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Series Preview: Mariners (43-39) at Astros (43-39)

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With the All-Star game quickly approaching, the Mariners head out on their final road trip before the break.

Bob Levey/Getty Images

At a Glance:

Monday, July 4 | 11:10 am

Away Team

vs.

Home Team

Mariners

Astros

LHP Wade Miley

RHP Lance McCullers

42%

58%

Tuesday, July 5 | 5:10 pm

Away Team

vs.

Home Team

Mariners

Astros

RHP Taijuan Walker

LHP Dallas Keuchel

45%

55%

Wednesday, July 6 | 5:10 pm

Away Team

vs.

Home Team

Mariners

Astros

LHP Wade LeBlanc

RHP Mike Fiers

42%

58%

*Game odds courtesy of FiveThirtyEight (Explainer)

Mariners

Astros

Edge

Batting (wRC+)

111 (2nd in AL)

99 (8th in AL)

Mariners

Fielding (FanGraphs Defense)

-12.0 (10th)

3.0 (7th)

Astros

Starting Pitching (FIP-)

104 (9th)

97 (3rd)

Astros

Bullpen (FIP-)

93 (9th)

70 (1st)

Astros

*Text appearing in italics has appeared in a previous series preview.

Outscoring a division leader 31-15 emphatically reasserted the Mariners’ place in the playoff race. By sweeping the Orioles, the Mariners added around 15 points to their playoff odds in four days. Baseball Prospectus is the still the most optimistic about the Mariners’ chances, giving them a 42.2% chance of making the playoffs. FanGraphs gives the Mariners a 30.5% chance while FiveThirtyEight gives them just 26% chance.

These two teams enter today with the same record, tied for second in the AL West and both a game out of the Wild Card race. They’ll play each other six times in the next ten games. Remember that stretch where the Mariners and Rangers played six times in ten games? I don’t have to remind you what happened after those ten games, but this stretch might be just as important.

The Astros

Since their dismal start to the season in April, the Astros have gone 36-22, a .620 pace. The biggest reason for their turn around? Their pitching staff. As a team, they allowed just 3.38 runs per game in June—and if it weren’t for the Indians, that would be the best mark in the majors. Their starting pitching has been good but it’s their bullpen that’s been truly impressive. Their relief corps has a FIP half a run better than the Yankees bullpen and only the Royals bullpen has a better ERA.

Key Players

2B Jose Altuve Year after year, Jose Altuve has improved far beyond what anyone might have expected. He’s turned himself into a legitimate MVP candidate by simply hitting the snot out of the ball. He’s always had elite contact skills but he’s added excellent power number to his game. At just 5’6", it’s hard to imagine him with an ISO over .200 but that’s where we are. His line drive rate is a career high, he’s chasing pitches out of the zone less often, and has seen the biggest leap in exit velocity in the past year. Right now, we’re witnessing a player completely locked in, with simply no flaws in his game.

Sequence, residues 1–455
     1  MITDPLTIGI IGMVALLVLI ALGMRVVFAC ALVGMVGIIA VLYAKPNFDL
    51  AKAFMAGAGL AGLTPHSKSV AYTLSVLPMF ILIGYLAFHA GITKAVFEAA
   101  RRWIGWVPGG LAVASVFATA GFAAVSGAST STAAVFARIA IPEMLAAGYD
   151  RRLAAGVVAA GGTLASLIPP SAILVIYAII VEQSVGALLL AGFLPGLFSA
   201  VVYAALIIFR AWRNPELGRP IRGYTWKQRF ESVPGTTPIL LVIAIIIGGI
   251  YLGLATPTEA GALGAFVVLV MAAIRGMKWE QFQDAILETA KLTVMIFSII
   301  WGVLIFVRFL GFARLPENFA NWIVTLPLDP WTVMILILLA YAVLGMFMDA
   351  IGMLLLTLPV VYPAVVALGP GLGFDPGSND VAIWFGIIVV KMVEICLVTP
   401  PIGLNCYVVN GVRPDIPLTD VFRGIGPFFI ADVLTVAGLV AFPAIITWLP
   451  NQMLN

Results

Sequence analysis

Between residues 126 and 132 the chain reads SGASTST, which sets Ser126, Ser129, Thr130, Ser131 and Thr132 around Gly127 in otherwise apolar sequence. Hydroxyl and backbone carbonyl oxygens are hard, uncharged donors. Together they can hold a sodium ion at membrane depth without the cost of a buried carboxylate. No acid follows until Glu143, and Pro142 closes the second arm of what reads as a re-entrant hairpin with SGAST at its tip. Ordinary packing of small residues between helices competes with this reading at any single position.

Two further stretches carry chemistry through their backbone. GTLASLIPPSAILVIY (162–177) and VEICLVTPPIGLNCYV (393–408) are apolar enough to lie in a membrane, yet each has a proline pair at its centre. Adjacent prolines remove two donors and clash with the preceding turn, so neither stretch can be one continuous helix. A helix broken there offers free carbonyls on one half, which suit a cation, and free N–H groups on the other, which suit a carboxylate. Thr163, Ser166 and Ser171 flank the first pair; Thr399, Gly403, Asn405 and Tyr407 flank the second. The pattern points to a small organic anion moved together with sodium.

SS Carlos Correa Carlos Correa took baseball by storm last year. He was called up at the start of June and compiled 3.3 fWAR in just four months. He showed off his power, his speed, and his hitting prowess with an offensive performance 33% better than league average. He’s just 21 years old so we should expect some ups and downs but he also has a lot of room to grow. He hasn’t even played a full season in the majors yet and he’s already one of the best shortstops in the game.

RF George SpringerWith Carlos Correa taking up most of the spotlight, it can be easy to overlook just how good George Springer really is. George Springer’s massive power has been on display since his debut two years ago. As a rookie, almost a third of his hits were blasted out of the park. Injuries limited his power output a bit last year, but he was able to cut almost nine points off his strikeout rate, boosting his batting average up to .276. He’s regained his power stroke and has maintained the improved plate discipline this year helping him post a career high 141 wRC+.

CF Carlos GomezAt the time, the Mets backing out of their deal with the Brewers for Carlos Gomez was ridiculed for its signs of organizational dysfunction. In hindsight, it might have been the most prescient decision made by Sandy Alderson (it helps that Yoenis Cespedes has thrived in New York as well). Since joining the Astros, Carlos Gomez has not looked the player who accumulated over 16 fWAR between 2012 and 2014. His power has all but dried up and his strikeout and walk rates are both trending in the wrong direction. Since the Astros are batting him in the middle of their lineup, he hasn’t had a chance to show off his speed either. He still plays a decent center field which is just about the only thing that’s gone right for him with the Astros.